Anyway, here is my kit. I used a bunch of reclaimed redwood fencing from my favorite architectural salvage site, Urban Ore. Ran the wood through a planer and ended up with 5/8" thick planks that I edge jointed into a box whose LxWxH is roughly 45"x14"X14". Held together mostly with nails and drywall screws. I repurposed Sarah's old desk with particle board top (Schwarz has a good term for particle board: "Termite Barf"). This desk elevates the chest to about bench height, and then I put this all on casters. The casters are great. You have a portable tool tray where things can be set without cluttering the bench top. They can be easily repositioned around your work with minimal effort, they are always at an arm's reach and yet out of the way. The rolling service desk idea came from a surgeon who commented on Schwarz' blog and I cannot agree more with the utility of such an approach in an operating room, having been the recipient of much surgery over the past decade or so:

I borrowed heavily from Anarchist's Toolchest in setting up the interior. Two sliding trays of increasing depth allow me to separate my tools into groups that are sensible to me. Measuring stuff is low profile and always at the top, followed by my beloved few knives and chisels, and marking guages. Then the planes and saws at the bottom.

I'm content with the housing for the few hand tools I have. There are not a lot, but the ones I've got get me pretty far in my work. I can lift the box and carry it around fairly easily, although the cargo weight is biased towards cast iron planes which has in turn piqued my interest in wooden body planes.

I close with an excerpt from Toshio Odate's excellent book, and his brief comment on the toolbox: “Note that the toolbox is nailed together. The Japanese are especially careful about the joints in their work, and are, in fact, noted for the skill and beauty with which they create these joints. But While the dovetailing and other joinery in a cabinet may reveal the shokunin’s care, the drawers in the cabinet, like the joints in the toolbox, are nailed.

An American craftsman pointed out this seeming contradiction to me, and I had no answer for him, so natural did the use of nails in drawers and toolboxes seem to me. Yet, on reflection, I believe that the sight of a shokunin carrying on his shoulder a beautifully painted and carefully joined toolbox without nails would provoke me to an overwhelming sense of awkwardness.”


* Japanese Woodworking Tools Their tradition, Spirit and Use, Toshio Odate

Sunday, November 13, 2011

entryway bench in reclaimed douglas fir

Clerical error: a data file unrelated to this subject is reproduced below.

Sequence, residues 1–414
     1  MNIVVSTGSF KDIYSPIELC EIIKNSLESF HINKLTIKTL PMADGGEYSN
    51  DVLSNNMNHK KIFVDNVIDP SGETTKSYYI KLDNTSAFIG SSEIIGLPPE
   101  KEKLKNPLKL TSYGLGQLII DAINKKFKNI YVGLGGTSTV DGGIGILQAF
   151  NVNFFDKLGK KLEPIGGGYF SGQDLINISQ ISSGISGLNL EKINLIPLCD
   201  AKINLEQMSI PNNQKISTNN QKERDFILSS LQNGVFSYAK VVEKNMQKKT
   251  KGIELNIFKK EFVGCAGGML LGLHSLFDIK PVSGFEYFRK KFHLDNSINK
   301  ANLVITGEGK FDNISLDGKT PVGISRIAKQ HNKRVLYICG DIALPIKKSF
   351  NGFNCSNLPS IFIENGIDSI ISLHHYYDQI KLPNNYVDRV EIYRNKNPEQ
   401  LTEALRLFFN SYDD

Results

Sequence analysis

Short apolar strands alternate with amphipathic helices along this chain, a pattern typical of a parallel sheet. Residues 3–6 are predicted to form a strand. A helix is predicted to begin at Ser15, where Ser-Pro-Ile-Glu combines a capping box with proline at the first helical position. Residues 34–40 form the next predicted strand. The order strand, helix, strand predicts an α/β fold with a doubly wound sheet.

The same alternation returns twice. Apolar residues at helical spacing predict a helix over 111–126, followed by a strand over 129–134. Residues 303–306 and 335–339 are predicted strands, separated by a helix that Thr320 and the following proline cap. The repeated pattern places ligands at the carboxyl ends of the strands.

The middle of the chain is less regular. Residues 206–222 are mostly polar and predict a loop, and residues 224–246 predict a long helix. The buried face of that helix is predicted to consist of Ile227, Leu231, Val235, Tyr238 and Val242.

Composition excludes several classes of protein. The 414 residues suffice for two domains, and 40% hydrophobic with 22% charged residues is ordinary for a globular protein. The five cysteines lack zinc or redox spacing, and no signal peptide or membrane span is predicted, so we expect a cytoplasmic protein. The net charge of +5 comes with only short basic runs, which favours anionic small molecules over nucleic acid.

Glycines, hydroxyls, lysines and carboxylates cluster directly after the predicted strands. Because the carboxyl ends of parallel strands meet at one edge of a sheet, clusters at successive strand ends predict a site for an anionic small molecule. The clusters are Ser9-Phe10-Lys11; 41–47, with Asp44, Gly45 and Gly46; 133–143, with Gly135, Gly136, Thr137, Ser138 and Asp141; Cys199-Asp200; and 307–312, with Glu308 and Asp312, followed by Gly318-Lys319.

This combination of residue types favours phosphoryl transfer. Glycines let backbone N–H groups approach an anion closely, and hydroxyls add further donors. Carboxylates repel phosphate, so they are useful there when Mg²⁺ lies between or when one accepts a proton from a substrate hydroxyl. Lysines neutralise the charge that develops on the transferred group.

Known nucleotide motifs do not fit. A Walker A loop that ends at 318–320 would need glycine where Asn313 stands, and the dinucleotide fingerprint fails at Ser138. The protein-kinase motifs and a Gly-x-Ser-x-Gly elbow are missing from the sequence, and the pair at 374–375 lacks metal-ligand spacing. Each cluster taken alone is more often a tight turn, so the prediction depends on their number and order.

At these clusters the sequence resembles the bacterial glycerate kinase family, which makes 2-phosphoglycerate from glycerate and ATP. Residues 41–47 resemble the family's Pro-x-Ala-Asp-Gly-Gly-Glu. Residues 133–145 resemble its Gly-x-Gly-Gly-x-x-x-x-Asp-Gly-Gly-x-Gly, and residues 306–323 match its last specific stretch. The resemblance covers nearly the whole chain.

we wanted a bench for our entry room to keep the wall company. a plane bench and a plain wall. Sarah was happy with it and in the end that's all that really matters. The wood originated from Urban Ore...some rough 2" roughcut fir that looked like it was used in a had a lot of concrete stuck to the sides and needed vigorous wirebrushing before the stark power of my Lee Valley Scrub plane. Originally I had tried doing some of the hard work with my thickness planer, but the neighbor complained about the noise and I was in no mood to get into a bad situation, so it was all hand tools here 75% of the time in this sort of a project is scratching your head and other body parts trying to come up with an idea on how to "design" something so simple. Lots and lots of looking at what other people do, knowing certain dimensions are almost invariant (18" is a good rule for height, give or take a thou). I suppose I could just have copied a design out right, but there are always certain factors in the way from me doing that. I like to draw and do it all the time at the office. just doodles while listening to people making noise with their mouths over speaker phones in sterile conference rooms. sometimes an idea or a shape will take hold and I will draw hundreds of variations on should the legs look? How should they curve? How many curves are there? Then there's the sort of design that happens from working the this case it's doug fir. the wood had a gorgeous ring density and I knew it would be pleasing once done, but while working it over with the scrub plane, it clearly would be a negotiation rather than a dictation, on how this piece was going to come together. The grain went all sorts of directions from the knots. I'm a sucker for knots. Here is how I keep track of the legs, the grain emphasizing a roundedness which will be important since these legs will be finger tennoned into the top Each step along the way increases the stakes in the project. I knew it would be important but I could not tell from my sketches on paper how I would resolve this joint in the finished piece. It took a lot of exploration with the plane, the spoke shave, a knife Turning over to work on the surface, I originally thought of this as a dished piece, cupping your posterior as you put on your shoes for whatever was next. but this is a hall bench and you don't want a cupping, cupping means you stay put, you want something to instead just be a temporary rest where you lace up, and then shove a convex shape seemed to make more sense here...don't get too comfortable. various hand planes make this happen. Glue-up, each tenon split on my band saw for a wedge of some hard wood, pounded into position and making these joints for keeps I used tongue oil. It accentuates the grain and warms everything up, but also makes those wild fluctuations in the coloration of the wood more apparent. It's a matter of what you're into. I like my pizza burnt and am a little suspicious of those who dont